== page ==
Explore Plants

Share

Ask Mr. Smarty Plants

Ask Mr. Smarty Plants is a free service provided by the staff and volunteers at the Lady Bird Johnson Wildflower Center.

Search Smarty Plants
    
 

Can't find the answer in our existing FAQs, submit a question to Mr. Smarty Plants.
Need help with plant identification, visit the plant identification page.

rate this answer
Not Yet Rated

Thursday - March 28, 2013

From: Grants Pass, OR
Region: Northwest
Topic: Poisonous Plants
Title: Memorial Tree Safe for Horses in Oregon
Answered by: Joe Marcus

QUESTION:

Hi! I just lost my 33 year old beloved mare, Glory! She was my childhood horse and we have had her basically her whole life. We are looking for a special tree out in the pasture for her! She is buried between her 2 sons who both have willow trees on top of them. We wanted something extra special for her but it has to be horse safe. Any suggestions? Thank you!

ANSWER:

As a horse-owner myself, I'm very sorry for your loss.  We're happy to help.

The tree you ultimately choose to memorialize Glory's final resting place will be largely a matter of personal choice, so rather than making a specific recommendation for a species to use, we think you would be better served knowing some trees to avoid.

First, do not plant any trees in the rose family.  This includes cherries, plums, apples, pears and several other common trees.  Under certain conditions, their leaves can be very poisonous to livestock.  Likewise, trees in the genus, Juglans, such as walnuts and butternuts should be avoided.  Neither yew trees (Taxus spp.) nor oaks (Quercus spp.) should be used.  Finally, some maples (Acer spp.), such as red maple (Acer rubrum) are quite toxic to horses, while others are not.  Other trees that are toxic to some livestock, but not necessarily horses include some pines (Pinus spp.), some firs (Abies spp.), hemlocks (Tsuga spp.), Douglas fir (Pseudotsuga menziesii), spruces (Picea spp.) and junipers (Cupressus spp.)

Some native trees in your area that might work for you are Bigleaf Maple (Acer macrophyllum), dogwoods (Cornus spp.), buckthorns (Frangula spp.) and Pacific madrone (Arbutus menziesii).  Before making a final decision, you should research online the tree you wish to use, check with your equine vet and ask some of your horse-owning friends about it.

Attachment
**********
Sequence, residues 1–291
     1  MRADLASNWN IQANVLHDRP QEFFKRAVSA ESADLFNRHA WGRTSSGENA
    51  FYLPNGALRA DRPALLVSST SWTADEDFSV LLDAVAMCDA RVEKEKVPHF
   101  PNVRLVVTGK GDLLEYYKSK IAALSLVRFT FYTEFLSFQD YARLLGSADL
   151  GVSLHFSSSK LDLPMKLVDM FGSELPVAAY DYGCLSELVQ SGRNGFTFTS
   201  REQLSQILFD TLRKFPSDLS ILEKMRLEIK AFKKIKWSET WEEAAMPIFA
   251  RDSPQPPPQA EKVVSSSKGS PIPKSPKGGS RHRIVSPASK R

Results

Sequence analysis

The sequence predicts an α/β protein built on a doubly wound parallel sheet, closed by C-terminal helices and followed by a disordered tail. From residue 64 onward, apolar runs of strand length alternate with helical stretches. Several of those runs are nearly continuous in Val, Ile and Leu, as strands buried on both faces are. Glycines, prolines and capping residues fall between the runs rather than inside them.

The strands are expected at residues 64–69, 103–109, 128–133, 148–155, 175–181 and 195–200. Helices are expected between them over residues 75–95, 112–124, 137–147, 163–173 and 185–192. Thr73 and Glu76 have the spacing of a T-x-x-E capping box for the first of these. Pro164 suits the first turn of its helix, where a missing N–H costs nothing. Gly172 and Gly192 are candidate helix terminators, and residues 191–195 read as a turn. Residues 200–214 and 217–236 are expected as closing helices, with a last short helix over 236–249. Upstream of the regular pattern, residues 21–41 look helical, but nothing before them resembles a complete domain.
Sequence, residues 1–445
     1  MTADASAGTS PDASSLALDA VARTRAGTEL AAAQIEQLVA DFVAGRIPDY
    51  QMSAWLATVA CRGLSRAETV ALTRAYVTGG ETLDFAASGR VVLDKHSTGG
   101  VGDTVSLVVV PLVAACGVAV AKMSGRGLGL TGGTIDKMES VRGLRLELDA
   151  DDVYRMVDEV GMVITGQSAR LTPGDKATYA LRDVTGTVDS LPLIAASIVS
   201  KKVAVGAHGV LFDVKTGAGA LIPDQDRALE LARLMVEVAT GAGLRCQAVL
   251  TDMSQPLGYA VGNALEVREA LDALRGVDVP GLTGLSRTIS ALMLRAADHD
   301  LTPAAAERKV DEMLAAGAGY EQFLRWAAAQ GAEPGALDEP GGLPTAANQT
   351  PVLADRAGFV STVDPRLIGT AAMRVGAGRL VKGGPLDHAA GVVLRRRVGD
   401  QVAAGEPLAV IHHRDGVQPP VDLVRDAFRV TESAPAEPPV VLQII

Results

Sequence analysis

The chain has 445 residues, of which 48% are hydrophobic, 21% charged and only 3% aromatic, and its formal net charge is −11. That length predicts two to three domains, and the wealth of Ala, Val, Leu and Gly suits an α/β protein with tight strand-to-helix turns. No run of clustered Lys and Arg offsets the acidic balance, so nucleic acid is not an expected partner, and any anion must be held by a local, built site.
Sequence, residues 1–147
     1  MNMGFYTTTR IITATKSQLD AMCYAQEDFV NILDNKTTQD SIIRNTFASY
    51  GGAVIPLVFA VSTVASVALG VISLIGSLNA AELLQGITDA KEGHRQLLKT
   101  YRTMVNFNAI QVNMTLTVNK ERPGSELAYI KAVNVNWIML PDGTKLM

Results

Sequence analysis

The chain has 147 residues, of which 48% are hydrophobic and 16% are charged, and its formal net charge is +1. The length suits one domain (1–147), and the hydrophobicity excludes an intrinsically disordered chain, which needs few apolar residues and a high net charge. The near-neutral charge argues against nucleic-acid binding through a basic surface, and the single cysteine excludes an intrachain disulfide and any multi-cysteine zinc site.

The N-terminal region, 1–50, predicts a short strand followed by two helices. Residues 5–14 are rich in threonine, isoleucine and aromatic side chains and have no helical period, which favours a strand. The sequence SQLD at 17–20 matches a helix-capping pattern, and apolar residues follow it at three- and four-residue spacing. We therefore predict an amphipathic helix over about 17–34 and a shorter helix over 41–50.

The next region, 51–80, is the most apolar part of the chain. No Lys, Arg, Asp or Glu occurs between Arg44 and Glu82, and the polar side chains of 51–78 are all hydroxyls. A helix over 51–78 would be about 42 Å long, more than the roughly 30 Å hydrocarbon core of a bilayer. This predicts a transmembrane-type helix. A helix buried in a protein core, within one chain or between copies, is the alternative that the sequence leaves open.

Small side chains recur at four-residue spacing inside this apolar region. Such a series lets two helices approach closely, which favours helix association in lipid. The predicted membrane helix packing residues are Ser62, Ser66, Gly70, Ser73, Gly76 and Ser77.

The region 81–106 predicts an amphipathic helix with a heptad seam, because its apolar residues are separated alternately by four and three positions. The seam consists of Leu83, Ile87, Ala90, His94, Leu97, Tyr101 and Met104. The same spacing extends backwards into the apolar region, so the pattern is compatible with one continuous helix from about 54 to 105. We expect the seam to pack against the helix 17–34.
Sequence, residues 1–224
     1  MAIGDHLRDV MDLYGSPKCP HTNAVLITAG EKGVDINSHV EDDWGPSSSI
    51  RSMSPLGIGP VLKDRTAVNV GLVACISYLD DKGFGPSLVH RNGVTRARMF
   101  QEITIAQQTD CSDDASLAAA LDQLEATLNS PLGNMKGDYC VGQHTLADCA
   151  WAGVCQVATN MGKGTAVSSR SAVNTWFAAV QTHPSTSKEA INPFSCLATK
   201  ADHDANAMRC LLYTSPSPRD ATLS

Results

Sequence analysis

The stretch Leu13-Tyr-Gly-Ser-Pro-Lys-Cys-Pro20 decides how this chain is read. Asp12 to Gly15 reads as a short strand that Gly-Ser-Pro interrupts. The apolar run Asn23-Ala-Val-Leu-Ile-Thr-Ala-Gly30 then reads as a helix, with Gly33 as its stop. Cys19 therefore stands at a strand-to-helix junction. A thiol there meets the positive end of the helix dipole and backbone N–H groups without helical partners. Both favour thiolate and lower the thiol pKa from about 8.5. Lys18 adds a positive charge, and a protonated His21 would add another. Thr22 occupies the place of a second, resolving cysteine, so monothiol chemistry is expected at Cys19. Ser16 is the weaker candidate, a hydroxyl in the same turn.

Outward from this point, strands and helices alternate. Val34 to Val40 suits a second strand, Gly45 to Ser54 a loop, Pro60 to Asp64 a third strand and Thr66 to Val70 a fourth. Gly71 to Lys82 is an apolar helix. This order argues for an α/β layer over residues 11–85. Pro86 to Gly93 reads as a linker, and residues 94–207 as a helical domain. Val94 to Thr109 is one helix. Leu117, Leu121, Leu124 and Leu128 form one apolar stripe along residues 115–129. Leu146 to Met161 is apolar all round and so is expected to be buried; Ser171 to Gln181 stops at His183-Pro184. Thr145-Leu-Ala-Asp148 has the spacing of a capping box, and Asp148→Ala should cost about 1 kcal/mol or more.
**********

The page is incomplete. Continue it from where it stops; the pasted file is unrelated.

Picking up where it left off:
More Poisonous Plants Questions

Beneficial characteristics of Phytolacca americana (Pokeweed)
May 21, 2013 - I have a surprise Polk weed plant growing in my back yard, does it have any beneficial uses,and if not, how best to eradicate it. Thank you.
view the full question and answer

Plants for dog-safe privacy hedge in Missouri
July 03, 2006 - I live in Missouri and would like to put a "living fence" around my yard for some privacy. Ideally, I want something that is going to grow fast so that I don't have to wait years and years for my ...
view the full question and answer

Evergreen pet-safe shrubs for house and screening in McKinney TX
April 15, 2010 - Looking for shrub, preferably evergreen, to plant near the house that can handle wet ground and is pet (dog, cat, horse) safe. The area became boggy after we had an underground water leak that is now ...
view the full question and answer

Suitability of Carolina Cherry Laurel for Bulverde TX
October 24, 2012 - The local Home Depot is selling Carolina Cherry Laurel Trees. They look beautiful. Is this a good tree for Bulverde TX..20 miles north of San Antonio? Can it survive? Will it be a high maintenance...
view the full question and answer

Eliminating skunk cabbage in Troy, NY
May 19, 2009 - My yard is overgrown with skunk cabbage. My question is how do I get rid of it?
view the full question and answer

Smarty Plants's Facebook profile Support the Wildflower Center by Donating Online or Becoming a Member today.

Mr. Smarty Plants wants you to be his Facebook friend. Click the Facebook icon to add yourself to Mr. Smarty Plants list of friends.